Anovulation and Ovulatory Dysfunction

Symptoms, Causes, and Treatments for When You Can't Ovulate

Common causes of anovulation and ovulatory dysfunction

 Verywell / Nusha Ashjaee 

Table of Contents
View All
Table of Contents

Ovulation is the release of an egg from the ovary. It must occur for pregnancy to be achieved naturally. Anovulation means a lack of ovulation or absent ovulation. When ovulation is irregular—but not completely absent—it is called oligo-ovulation.

Both anovulation and oligo-ovulation are types of ovulatory dysfunction. Ovulatory dysfunction is a common cause of female infertility. Up to 40% of infertile people with ovaries experience dysfunctional ovulation.

Anovulation and Infertility

When a couple is not experiencing infertility, the chances of conception are about 25% each month. However, even when ovulation happens normally, a couple is not guaranteed to conceive.

When a person is anovulatory, they cannot get pregnant because there is no egg to be fertilized. If a person has irregular ovulation, they will have fewer chances to conceive because they ovulate less frequently.

Late ovulation does not produce the best quality eggs, which can also make fertilization less likely. Additionally, irregular ovulation usually indicates there is something off about a person's hormone levels. Hormonal irregularities can lead to other health issues, including:

  • Abnormally low levels of progesterone
  • Lack of fertile cervical mucus
  • Shorter luteal phase
  • Thinning or over-thickening of the endometrium (the lining of the uterus where a fertilized egg needs to implant)


People with anovulation usually have irregular periods. Some do not get their cycles at all.

If your cycles fall within the normal range of 21 to 36 days, but the length of your cycles varies widely from month to month, that could also be a sign of ovulatory dysfunction. For example, if one month your period is 22 days and the next it's 35, the variations between cycles could signal an ovulation problem.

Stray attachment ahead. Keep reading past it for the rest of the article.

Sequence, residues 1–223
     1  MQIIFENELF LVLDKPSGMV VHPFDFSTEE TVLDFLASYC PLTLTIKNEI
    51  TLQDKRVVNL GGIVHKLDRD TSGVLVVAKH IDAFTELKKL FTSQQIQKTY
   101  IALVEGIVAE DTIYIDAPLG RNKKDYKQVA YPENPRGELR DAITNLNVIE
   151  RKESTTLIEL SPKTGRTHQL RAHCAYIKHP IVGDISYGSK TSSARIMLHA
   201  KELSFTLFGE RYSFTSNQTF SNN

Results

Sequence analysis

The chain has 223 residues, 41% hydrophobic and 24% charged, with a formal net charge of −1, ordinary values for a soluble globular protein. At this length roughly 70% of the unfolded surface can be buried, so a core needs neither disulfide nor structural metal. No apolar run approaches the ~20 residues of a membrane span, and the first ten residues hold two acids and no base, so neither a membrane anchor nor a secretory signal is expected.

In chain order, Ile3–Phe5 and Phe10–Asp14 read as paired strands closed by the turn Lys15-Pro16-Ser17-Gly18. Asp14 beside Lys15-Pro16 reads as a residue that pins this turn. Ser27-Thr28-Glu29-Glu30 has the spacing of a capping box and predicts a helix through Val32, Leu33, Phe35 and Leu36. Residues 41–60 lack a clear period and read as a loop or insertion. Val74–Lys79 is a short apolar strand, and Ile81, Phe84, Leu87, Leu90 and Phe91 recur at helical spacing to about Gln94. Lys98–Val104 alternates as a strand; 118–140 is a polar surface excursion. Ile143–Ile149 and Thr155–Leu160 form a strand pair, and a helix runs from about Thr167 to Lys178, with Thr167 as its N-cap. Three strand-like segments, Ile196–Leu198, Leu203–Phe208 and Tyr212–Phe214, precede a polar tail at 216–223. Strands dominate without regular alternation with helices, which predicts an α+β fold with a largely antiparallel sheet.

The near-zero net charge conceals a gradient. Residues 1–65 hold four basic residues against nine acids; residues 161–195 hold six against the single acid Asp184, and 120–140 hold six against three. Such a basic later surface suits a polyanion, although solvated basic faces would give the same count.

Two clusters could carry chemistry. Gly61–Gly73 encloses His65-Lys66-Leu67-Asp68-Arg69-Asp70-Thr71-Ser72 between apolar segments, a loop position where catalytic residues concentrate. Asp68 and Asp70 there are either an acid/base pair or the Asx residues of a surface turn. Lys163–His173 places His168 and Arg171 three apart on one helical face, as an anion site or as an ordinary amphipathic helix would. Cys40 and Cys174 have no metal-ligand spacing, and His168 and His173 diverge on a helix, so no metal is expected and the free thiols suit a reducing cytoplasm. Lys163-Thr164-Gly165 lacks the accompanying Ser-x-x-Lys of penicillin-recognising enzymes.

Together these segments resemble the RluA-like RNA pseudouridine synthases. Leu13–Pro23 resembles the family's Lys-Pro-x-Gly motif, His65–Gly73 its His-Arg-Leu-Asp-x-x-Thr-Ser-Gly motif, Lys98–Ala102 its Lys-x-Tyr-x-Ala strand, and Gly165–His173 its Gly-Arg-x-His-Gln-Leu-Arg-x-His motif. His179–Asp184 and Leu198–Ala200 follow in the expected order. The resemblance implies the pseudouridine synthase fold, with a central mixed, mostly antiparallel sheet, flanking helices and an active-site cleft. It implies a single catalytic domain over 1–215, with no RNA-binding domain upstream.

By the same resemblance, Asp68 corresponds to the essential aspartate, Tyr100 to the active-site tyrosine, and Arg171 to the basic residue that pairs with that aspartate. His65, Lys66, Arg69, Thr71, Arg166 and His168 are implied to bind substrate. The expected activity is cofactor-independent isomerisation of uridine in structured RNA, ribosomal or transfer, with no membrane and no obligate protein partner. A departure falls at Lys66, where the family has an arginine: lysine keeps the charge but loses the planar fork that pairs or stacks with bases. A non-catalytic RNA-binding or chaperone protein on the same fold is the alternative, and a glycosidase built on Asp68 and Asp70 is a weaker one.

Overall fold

If your cycles are shorter than 21 days, or longer than 36 days, you may have ovulatory dysfunction.

Why Am I Not Ovulating But Still Having a Period?

It is possible to get your menstrual cycle on an almost normal schedule and still not ovulate, although it isn't common. A menstrual cycle where ovulation does not occur is called an anovulatory cycle.

During the first phase of the menstrual cycle, estrogen in the body increases, sending two signals: One to tell the follicle to begin producing an egg, and another to tell the uterus to begin preparing an environment for that egg to implant if it's fertilized.

Even if the egg is never produced or released, the uterus still produces this lining, which is intended to support an embryo after implantation. When estrogen levels drop, if there is no coinciding increase in progesterone (the hormone created to maintain pregnancy), the uterus sheds its lining. This is what we typically think of as a period or menstrual bleeding.


Anovulation and ovulatory dysfunction can have several causes. The most common cause of ovulatory dysfunction is polycystic ovarian syndrome (PCOS).

Other potential causes of irregular or absent ovulation include:

  • Extreme exercise
  • Extremely high stress levels
  • Hyperprolactinemia
  • Low body weight
  • Obesity
  • Perimenopause or low ovarian reserves
  • Premature ovarian failure
  • Thyroid dysfunction (hyperthyroidism)


Your doctor will ask you about your menstrual cycles at your annual wellness visit. If you report irregular or absent cycles, your doctor will want to determine if you have ovulatory dysfunction.

To start, you might be asked to track your basal body temperature at home for a few months. Next, your doctor will order blood tests to check your hormone levels.

One test might be a day 21 progesterone blood test. After ovulation, progesterone levels rise. If your progesterone levels do not rise, you are probably not ovulating.